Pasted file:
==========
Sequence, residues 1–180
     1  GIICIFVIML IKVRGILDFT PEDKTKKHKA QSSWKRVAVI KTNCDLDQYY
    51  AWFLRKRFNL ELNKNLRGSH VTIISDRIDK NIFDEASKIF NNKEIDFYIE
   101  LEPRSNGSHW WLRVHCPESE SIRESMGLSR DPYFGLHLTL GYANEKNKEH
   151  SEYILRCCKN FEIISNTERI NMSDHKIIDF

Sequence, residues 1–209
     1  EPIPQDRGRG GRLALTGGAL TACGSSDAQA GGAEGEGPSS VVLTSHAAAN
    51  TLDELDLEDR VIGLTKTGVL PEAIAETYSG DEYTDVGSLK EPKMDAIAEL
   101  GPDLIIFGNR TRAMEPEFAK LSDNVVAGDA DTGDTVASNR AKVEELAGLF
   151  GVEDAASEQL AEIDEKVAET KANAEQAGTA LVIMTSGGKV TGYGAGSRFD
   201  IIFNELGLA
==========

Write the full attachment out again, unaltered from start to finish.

Sequence, residues 1–180
     1  GIICIFVIML IKVRGILDFT PEDKTKKHKA QSSWKRVAVI KTNCDLDQYY
    51  AWFLRKRFNL ELNKNLRGSH VTIISDRIDK NIFDEASKIF NNKEIDFYIE
   101  LEPRSNGSHW WLRVHCPESE SIRESMGLSR DPYFGLHLTL GYANEKNKEH
   151  SEYILRCCKN FEIISNTERI NMSDHKIIDF

Sequence, residues 1–209
     1  EPIPQDRGRG GRLALTGGAL TACGSSDAQA GGAEGEGPSS VVLTSHAAAN
    51  TLDELDLEDR VIGLTKTGVL PEAIAETYSG DEYTDVGSLK EPKMDAIAEL
   101  GPDLIIFGNR TRAMEPEFAK LSDNVVAGDA DTGDTVASNR AKVEELAGLF
   151  GVEDAASEQL AEIDEKVAET KANAEQAGTA LVIMTSGGKV TGYGAGSRFD
   201  IIFNELGLA